Alabama Gov. Kay Ivey announced Monday afternoon that her long-running COVID-19 health order would end at the end of the month.
In a statement, Ivey said her public health order would come to an end on May 31, while the state of emergency would end July 6.
“We have learned much since last year, and this is absolutely now a managed pandemic,” she said in the statement. “Our infection rates and hospitalizations are in better shape, and over 1.5 million Alabamians have had at least one shot of the COVID-19 vaccine. I am pleased that we have shown the rest of the country that we are gritty and determined. We are signaling loud and clear that Alabama is open, and we are moving forward.”
The current “Safer Apart” order consists primarily of recommendations aligned with guidance from Centers for Disease Control and Prevention. However, specific guidance applies to two groups: Senior citizen centers must continue to follow guidelines issued by the Alabama Department of Senior Services and hospitals and nursing homes must follow current guidance from the federal Centers for Medicare and Medicaid Services with respect to visitation. Barring a great spike in COVID-19 cases, these last remaining requirements should be lifted with the expiration of this order on May 31.
State Health Officer Dr. Scott Harris said as many as two-thirds of Alabamians age 65 and older have been vaccinated against COVID-19. Those 65 and older are the most susceptible to the virus that causes COVID-19.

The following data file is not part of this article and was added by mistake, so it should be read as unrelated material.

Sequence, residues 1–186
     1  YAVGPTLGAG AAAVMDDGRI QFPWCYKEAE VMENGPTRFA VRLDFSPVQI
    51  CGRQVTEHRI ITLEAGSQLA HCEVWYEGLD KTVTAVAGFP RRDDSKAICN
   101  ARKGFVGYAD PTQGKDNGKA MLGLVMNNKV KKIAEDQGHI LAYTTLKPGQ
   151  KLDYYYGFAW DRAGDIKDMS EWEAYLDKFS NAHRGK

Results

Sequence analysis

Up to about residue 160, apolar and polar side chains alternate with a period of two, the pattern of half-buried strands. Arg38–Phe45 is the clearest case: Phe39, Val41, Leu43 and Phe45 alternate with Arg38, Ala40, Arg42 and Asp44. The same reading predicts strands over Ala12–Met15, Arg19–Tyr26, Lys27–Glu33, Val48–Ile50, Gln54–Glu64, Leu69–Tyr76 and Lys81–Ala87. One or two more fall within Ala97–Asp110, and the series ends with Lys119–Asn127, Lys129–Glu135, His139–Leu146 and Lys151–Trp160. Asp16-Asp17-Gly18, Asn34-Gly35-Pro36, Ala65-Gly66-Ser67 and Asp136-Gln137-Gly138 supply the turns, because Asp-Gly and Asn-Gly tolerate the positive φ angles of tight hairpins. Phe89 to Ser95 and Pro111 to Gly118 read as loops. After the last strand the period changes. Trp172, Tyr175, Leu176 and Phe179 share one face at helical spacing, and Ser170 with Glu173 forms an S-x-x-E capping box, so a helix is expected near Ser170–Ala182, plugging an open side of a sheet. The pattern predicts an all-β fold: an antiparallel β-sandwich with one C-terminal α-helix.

“While some barriers such as transportation remain, more than 1,300 providers in the state are administering safe and effective COVID-19 vaccine in communities throughout the state,” he said in the statement. “We are very appreciative of Governor Ivey and our excellent working relationship with the Alabama National Guard. The state is really fortunate to have these men and women to support us. Guard members have concluded six weeks of vaccination clinics in 24 rural and underserved counties, and now are planning smaller mobile sites in each public health district to offer vaccine to hard-to-reach populations.”
As of April 5, all Alabamians ages 16 and older have been eligible to receive the COVID-19 vaccination. Governor Ivey continues to encourage Alabamians to get the safe and effective vaccine.
“Look, I have been vaccinated,” Ivey said in a statement. “I believe in the science, believe that it works and have confidence in it. So, like I said, I have been fully vaccinated, and I will live like I have been fully vaccinated. Similar to when we ended the mask requirement, this final extension gives all Alabama health care providers, businesses and individuals adequate time to make preparations.”
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